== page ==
Regulator news

Victorian news

Charges laid over Tottenham fire

WorkSafe has charged a Harkness man with endangering people at a workplace following a 2018 chemical fire at Tottenham.

Graham Leslie White, 59, has been charged under sections 32 and 26 of the OHS Act for recklessly engaging in conduct that placed or may have placed people in danger of serious injury and for failing to ensure that the Tottenham site, and the means of entering and leaving it, were safe and without risks to health. This is one of the few prosecutions ever taken by WorkSafe under s32 of the Act. If found guilty, then White could face up to five years in jail. 

They are among 26 charges under the OHS Act and sections 31 and 31C of the Dangerous Goods Act, (which relate to four warehouses at which it is alleged that dangerous goods were stored – the Tottenham warehouse and three sites in Campbellfield). The matters are listed for a filing hearing in the Melbourne Magistrates' Court on 14 September. 
Read more: WorkSafe media release

New COVID-19 related resources from Victoria's regulator 

August 25: Maintaining mental health at work through COVID-19

A reminder of the WorkSafe webinar at 7pm on August 25 with the Minister for Workplace Safety, Jill Hennessy and Chief Executive of WorkSafe Victoria, Colin Radford. 

COVID-19 has seen many Victorian workplaces close or change and challenged all of our mental health like never before. Anyone who is interested is invited to join Ms Hennessy and Mr Radford as they discuss the importance of maintaining positive mental health throughout this crisis and how we can ensure we have mentally healthy workplaces now, but also on the other side of it. Mr Radford will also participate in a Q&A session with Kashif Bouns, General Manager of the Western Bulldogs Community Foundation.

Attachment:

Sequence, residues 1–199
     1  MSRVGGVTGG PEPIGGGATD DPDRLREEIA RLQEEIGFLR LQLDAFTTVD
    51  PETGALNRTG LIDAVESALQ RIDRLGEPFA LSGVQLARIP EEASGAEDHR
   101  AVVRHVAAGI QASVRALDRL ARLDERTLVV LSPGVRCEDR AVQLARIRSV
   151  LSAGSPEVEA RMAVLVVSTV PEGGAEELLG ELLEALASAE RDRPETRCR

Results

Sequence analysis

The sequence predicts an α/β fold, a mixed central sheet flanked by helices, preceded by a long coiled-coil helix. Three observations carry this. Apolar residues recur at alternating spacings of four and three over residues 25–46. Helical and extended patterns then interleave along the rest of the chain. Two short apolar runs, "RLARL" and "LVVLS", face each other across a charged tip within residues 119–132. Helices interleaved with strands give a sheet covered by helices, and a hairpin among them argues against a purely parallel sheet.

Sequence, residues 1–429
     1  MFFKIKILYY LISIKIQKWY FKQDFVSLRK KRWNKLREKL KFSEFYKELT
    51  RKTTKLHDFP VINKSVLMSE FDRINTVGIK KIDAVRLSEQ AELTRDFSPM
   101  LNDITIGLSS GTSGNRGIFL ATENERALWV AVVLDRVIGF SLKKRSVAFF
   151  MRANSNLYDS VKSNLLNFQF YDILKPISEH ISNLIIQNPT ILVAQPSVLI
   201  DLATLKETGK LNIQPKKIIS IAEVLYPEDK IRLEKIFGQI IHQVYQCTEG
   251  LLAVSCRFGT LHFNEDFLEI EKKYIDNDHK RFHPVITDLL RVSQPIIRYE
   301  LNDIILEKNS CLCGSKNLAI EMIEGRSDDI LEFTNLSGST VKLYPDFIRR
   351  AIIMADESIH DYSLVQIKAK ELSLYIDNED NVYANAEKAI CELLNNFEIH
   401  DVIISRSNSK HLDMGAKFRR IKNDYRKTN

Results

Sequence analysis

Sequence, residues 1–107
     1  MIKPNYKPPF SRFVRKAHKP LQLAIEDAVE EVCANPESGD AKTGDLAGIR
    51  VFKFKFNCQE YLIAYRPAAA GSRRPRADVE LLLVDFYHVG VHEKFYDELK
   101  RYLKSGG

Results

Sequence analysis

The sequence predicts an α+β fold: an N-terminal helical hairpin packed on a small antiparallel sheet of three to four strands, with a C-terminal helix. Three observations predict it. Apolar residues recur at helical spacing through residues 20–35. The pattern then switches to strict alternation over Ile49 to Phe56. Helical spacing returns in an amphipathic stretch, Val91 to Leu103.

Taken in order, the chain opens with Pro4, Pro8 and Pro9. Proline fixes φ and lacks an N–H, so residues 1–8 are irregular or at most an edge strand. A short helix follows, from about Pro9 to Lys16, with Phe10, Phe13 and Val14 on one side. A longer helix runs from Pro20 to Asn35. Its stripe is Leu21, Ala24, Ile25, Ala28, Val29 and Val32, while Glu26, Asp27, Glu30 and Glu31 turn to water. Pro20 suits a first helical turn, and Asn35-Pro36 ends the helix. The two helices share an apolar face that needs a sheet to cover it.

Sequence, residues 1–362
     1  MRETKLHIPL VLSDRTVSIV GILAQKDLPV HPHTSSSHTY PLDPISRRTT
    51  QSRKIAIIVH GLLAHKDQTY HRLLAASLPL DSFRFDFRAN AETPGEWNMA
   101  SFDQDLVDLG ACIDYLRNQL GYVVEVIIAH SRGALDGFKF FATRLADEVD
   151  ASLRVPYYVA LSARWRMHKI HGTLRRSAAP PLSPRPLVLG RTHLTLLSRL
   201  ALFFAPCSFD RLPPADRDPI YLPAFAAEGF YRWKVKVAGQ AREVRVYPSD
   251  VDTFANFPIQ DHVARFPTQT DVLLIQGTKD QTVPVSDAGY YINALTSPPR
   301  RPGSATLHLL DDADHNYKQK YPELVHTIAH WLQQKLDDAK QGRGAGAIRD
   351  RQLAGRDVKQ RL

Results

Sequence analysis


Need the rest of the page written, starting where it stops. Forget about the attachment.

Ms Hennessy said, “We need to talk about mental health in the workplace, a conversation that's incredibly important during COVID-19. But it's also a conversation that we need to keep having. This pandemic will end one day, but the need for workplaces to be safe won't.

The webinar is free, but those wishing to participate must register here.

Reminder: employers have increased duties due to COVID-19

In extending Victoria's state of emergency for the COVID-19 pandemic by four weeks, Premier Daniel Andrews this week reminded employers that they could be fined $100,000 for failing to comply with social distancing, isolation or worker-permit requirements.

"[The pandemic] is far from over and our best weapon against the spread of this deadly virus is limiting movement. In Melbourne, that means following Stage 4 restrictions and not leaving your house during the curfew hours of 8pm to 5am, unless it is for work, medical care or caregiving," the Premier said yesterday. "Only permitted workers can attend work premises," he said.

Melbourne employers in industries allowed to continue operating under the current restrictions must have in place COVIDSafe plan and comply with the Permitted Worker Scheme, which involves providing a permitted worker permit to employees required to attend a work site, and these employees carrying their permits when travelling to and from work.